Are the Saints BETTER or WORSE Off Than They Were 2 Weeks Ago?


Almost two whole weeks have now come and gone since the New Orleans Saints and the rest of the NFL’s 32 teams began signing available players in the League’s 2019 Free Agency period, and one thing has become very clear:

A large portion of Saints fans believe that the Black and Gold have taken a step backward and have actually become worse as a team overall than where they were before getting eliminated in the NFC Championship game by the L.A. Rams at the end of last season.

However, are they really worse, or are some fans simply overreacting at this point?

This morning we’re taking a brief look at each key “addition” or “subtraction” the Saints have made since they began making moves two weeks ago (including yesterday evening’s very popular signing of former Oakland Raiders tight end Jared Cook). After evaluating each player, we’ll give our take if we feel that it’s made the team either better or worse — the very same Saints team that came so agonizingly close to winning a Super Bowl and is expected to be a top contender once again to win it next season.

So we’ll begin our evaluation first with…






PLAYER: Mark Ingram, Running Back

STATUS: SUBTRACTION

Signed a three year, $15 million deal with the Baltimore Ravens ($500,000 guaranteed)

WHAT HE PREVIOUSLY BROUGHT TO THE SAINTS:

Ingram was the Saints’ second all-time leading rusher (6,007 yards) and career leader in rushing TDs (50). He was also one-half of one of the NFL’s best RB tandems (with fellow RB Alvin Kamara) and one of the most popular and beloved players by fans in the team’s soon-to-be 53-year history.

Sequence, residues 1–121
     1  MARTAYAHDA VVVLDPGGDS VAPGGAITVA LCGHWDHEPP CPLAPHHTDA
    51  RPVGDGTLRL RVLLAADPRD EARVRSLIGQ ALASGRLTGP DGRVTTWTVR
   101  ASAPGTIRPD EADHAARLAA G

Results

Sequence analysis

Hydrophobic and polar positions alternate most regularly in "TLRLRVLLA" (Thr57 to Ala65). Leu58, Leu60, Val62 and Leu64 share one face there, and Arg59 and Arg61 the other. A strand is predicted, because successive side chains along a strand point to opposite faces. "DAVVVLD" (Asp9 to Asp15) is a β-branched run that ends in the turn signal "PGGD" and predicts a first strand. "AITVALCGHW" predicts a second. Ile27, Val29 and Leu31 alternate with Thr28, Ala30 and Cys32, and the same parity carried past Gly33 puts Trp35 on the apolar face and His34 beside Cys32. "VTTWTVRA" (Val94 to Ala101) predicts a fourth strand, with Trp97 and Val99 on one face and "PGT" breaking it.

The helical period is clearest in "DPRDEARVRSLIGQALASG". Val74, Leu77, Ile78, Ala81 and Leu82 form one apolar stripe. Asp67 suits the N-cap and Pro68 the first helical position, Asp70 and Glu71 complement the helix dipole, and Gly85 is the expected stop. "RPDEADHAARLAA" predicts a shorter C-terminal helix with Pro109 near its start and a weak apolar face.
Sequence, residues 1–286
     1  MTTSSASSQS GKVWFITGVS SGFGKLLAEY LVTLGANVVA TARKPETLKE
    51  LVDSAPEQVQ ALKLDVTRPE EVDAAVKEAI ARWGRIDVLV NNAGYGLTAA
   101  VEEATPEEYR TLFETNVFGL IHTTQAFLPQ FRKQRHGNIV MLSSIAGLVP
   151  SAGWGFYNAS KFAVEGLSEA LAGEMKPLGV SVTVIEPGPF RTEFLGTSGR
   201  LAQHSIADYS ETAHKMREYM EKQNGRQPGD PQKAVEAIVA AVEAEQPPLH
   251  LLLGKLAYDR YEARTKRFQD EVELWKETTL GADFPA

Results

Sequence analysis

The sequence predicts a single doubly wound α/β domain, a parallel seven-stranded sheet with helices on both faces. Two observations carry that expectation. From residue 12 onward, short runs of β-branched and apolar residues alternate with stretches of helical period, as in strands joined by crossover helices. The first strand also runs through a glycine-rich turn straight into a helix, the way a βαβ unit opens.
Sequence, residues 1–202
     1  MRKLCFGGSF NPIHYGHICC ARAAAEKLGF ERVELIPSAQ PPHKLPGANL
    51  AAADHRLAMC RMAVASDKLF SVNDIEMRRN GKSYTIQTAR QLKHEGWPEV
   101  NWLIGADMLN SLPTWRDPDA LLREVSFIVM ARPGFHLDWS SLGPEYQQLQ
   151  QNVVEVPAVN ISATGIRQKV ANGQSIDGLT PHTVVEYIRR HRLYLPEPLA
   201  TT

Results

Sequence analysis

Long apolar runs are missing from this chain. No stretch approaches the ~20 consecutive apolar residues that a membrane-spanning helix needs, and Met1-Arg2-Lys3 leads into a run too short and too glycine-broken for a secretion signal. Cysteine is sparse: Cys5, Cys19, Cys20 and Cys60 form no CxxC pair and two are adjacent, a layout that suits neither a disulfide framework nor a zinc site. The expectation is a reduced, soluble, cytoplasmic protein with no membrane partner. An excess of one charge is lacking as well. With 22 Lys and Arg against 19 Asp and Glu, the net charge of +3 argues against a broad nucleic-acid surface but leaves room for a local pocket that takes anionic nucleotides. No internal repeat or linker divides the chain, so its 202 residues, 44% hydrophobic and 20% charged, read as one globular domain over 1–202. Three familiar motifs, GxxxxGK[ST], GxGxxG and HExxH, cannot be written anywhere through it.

EVALUATION:

There’s honestly no way that anyone can honestly look at this subtraction from the team’s overall roster and think to themselves that somehow Ingram’s departure makes the Saints any better. Not only did New Orleans lose one of the team’s very best performers in their annually top-ranked offense and his on-field production, but they also lost an essential and irreplaceable team leader whose passion, desire, and notable energy and effort made him an invaluable part of the local culture and community. This one will hurt for a while to come, unfortunately,

PROJECTION: WORSE

PLAYER: Latavius Murray, Running Back

STATUS: ADDITION (Previously with the Oakland Raiders and Minnesota Vikings)

Signed a 4-year, $14.4 million deal with the Saints ($7.2 million guaranteed)

WHAT HE BRINGS TO THE SAINTS:

Murray, a “late bloomer” in college at the University of Central Florida, is a six-year veteran NFL RB who is capable of serving as an effective and larger-than-normal (6-foot-3, 230 pounds) “power” RB in a two-pronged approach to the running game similar to the one the Saints have utilized in recent seasons with Ingram and Kamara. He also has tallied nearly 3700 rushing yards (4.1 yards per carry), and 34 TDs throughout the length of his NFL career.